10 Biggest Things Businesses Don't Get About Cryptomining
Cryptocurrency mining is one of the fastest-growing threats, with detection increasing by 141 percent in 2018 over 2017, according to Mark Nunnikhoven, vice president, cloud research for Tokyo, Japan-based Trend Micro.
Cryptomining occurs when software programs or malware components take over a computer's resources and use them for cryptocurrency mining without a user's explicit permission. Cryptocurrency mining makes it possible for cyber criminals to harness the processing power of large numbers of computers, smartphones and other electronic devices to more easily generate revenue.
The shift toward cryptomining has come largely at the expense of ransomware, Nunnikhoven said, where there was only a 3 percent increase in activity in the first half of 2018 following double-digit gains in the second half of 2017. If current growth trends continue, cryptomining activity would be on the same level as ransomware within the next 12 to 18 months, according to Nunnikhoven.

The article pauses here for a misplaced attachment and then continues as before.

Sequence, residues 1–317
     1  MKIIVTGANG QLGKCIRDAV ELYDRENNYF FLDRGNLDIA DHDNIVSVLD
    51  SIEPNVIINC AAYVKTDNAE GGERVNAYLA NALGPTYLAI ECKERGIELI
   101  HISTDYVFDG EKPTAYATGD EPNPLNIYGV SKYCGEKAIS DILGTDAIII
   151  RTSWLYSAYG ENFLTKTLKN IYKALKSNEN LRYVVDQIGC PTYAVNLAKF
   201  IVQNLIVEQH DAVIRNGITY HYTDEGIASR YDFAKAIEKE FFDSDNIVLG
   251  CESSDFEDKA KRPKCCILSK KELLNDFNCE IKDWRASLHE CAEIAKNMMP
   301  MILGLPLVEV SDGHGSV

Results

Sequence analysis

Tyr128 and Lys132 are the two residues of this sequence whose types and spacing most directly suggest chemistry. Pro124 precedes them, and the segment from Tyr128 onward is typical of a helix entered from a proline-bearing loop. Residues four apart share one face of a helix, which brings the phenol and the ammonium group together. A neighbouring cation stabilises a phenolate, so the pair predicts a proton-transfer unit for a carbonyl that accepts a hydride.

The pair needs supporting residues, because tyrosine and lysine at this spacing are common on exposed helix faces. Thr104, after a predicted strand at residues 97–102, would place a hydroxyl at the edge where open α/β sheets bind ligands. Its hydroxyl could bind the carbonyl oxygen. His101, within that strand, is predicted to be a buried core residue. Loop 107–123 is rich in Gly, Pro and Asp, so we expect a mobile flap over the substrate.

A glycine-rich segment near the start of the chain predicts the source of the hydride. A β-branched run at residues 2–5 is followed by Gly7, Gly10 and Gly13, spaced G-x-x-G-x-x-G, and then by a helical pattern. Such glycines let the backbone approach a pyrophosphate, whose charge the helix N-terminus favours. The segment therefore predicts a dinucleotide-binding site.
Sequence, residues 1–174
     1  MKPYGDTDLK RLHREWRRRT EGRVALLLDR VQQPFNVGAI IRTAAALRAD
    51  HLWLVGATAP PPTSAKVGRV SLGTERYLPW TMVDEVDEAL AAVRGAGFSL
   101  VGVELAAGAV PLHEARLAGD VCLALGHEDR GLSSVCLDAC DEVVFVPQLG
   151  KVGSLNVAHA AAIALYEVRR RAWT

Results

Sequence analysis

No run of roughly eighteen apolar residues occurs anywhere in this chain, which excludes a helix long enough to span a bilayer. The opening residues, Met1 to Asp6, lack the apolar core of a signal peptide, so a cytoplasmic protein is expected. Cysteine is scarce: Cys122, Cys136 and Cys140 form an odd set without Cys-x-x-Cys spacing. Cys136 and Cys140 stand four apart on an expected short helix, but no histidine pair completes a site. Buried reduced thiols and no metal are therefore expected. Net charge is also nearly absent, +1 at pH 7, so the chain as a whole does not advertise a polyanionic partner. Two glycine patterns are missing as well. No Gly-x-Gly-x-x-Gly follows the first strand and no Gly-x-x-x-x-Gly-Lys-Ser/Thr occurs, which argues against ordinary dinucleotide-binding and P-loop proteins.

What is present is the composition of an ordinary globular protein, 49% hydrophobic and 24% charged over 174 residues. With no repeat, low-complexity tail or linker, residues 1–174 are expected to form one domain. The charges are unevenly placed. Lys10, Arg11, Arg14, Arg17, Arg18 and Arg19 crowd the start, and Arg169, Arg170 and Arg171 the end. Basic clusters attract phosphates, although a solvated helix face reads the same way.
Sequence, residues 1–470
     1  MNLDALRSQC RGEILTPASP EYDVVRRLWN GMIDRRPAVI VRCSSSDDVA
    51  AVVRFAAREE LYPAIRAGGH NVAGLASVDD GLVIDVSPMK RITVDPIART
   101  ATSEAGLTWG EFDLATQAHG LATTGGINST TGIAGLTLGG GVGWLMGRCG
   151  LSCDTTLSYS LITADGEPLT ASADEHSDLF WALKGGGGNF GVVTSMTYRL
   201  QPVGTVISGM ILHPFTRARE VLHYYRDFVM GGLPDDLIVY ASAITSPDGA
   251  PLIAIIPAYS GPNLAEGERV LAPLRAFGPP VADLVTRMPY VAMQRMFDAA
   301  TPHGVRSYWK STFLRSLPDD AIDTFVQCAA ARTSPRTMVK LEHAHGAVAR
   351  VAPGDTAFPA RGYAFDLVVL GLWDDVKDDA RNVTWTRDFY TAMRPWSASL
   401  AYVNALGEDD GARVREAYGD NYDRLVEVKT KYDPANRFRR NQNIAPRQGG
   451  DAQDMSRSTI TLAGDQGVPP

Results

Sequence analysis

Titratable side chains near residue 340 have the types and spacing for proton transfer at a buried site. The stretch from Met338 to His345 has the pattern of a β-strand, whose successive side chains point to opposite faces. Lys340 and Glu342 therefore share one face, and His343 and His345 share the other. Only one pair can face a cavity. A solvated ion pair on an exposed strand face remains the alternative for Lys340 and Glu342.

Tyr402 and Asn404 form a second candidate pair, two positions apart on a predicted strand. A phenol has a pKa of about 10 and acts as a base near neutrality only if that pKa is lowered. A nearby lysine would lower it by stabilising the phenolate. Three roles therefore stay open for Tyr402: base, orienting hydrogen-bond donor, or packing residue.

Enterprise customers primarily see cryptomining as a nuisance and something they should attempt to monitor, control and stop, according to Bret Hartman, vice president and chief technology officer of San Jose, Calif.-based Cisco’s Security Business Group. But they're typically way more concerned about other types of security threats that could directly shut down their manufacturing, Hartman said.
Organizations often underestimate the danger of cryptomining and fail to see it as an imminent threat to their operations. As part of CRN's Cybersecurity Week 2018, here's a look at the ten biggest cryptomining-related risks, dangers and challenges that businesses are failing to grasp.